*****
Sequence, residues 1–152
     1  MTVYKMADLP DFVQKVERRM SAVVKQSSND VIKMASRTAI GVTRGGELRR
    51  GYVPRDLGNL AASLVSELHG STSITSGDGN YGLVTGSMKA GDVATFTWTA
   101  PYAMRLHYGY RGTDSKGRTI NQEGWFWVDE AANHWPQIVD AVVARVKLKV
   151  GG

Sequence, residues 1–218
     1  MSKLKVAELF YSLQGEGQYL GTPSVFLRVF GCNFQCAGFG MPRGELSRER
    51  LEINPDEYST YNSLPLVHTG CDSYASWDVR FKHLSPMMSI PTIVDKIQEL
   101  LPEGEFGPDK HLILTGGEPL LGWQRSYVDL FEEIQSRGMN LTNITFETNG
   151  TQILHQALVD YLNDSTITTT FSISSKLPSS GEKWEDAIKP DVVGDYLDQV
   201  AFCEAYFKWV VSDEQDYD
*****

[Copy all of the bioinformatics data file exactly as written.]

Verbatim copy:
Sequence, residues 1–152
     1  MTVYKMADLP DFVQKVERRM SAVVKQSSND VIKMASRTAI GVTRGGELRR
    51  GYVPRDLGNL AASLVSELHG STSITSGDGN YGLVTGSMKA GDVATFTWTA
   101  PYAMRLHYGY RGTDSKGRTI NQEGWFWVDE AANHWPQIVD AVVARVKLKV
   151  GG

Sequence, residues 1–218
     1  MSKLKVAELF YSLQGEGQYL GTPSVFLRVF GCNFQCAGFG MPRGELSRER
    51  LEINPDEYST YNSLPLVHTG CDSYASWDVR FKHLSPMMSI PTIVDKIQEL
   101  LPEGEFGPDK HLILTGGEPL LGWQRSYVDL FEEIQSRGMN LTNITFETNG
   151  TQILHQALVD YLNDSTITTT FSISSKLPSS GEKWEDAIKP DVVGDYLDQV
   201  AFCEAYFKWV VSDEQDYD